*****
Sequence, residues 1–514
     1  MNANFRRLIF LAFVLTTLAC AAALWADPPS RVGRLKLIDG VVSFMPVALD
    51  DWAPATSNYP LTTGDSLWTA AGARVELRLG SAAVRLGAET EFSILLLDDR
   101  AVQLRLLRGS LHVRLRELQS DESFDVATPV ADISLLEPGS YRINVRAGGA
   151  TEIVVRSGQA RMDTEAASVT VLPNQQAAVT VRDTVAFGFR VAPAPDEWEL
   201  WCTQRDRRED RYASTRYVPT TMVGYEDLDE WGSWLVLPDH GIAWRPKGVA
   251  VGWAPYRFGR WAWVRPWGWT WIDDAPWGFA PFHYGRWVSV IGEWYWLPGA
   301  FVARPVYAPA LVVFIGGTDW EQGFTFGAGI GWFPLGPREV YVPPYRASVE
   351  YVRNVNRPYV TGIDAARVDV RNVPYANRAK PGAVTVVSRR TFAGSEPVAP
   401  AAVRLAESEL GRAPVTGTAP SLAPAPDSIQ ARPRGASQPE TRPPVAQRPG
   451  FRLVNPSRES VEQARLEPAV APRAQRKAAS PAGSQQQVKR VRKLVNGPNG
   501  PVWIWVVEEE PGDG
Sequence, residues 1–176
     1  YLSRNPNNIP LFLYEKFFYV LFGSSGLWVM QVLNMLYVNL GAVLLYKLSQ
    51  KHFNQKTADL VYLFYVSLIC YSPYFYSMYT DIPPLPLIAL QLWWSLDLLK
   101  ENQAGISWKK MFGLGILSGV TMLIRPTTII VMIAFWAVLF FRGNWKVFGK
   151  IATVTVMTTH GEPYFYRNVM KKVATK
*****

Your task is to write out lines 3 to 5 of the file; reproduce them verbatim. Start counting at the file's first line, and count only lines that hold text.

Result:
    51  DWAPATSNYP LTTGDSLWTA AGARVELRLG SAAVRLGAET EFSILLLDDR
   101  AVQLRLLRGS LHVRLRELQS DESFDVATPV ADISLLEPGS YRINVRAGGA
   151  TEIVVRSGQA RMDTEAASVT VLPNQQAAVT VRDTVAFGFR VAPAPDEWEL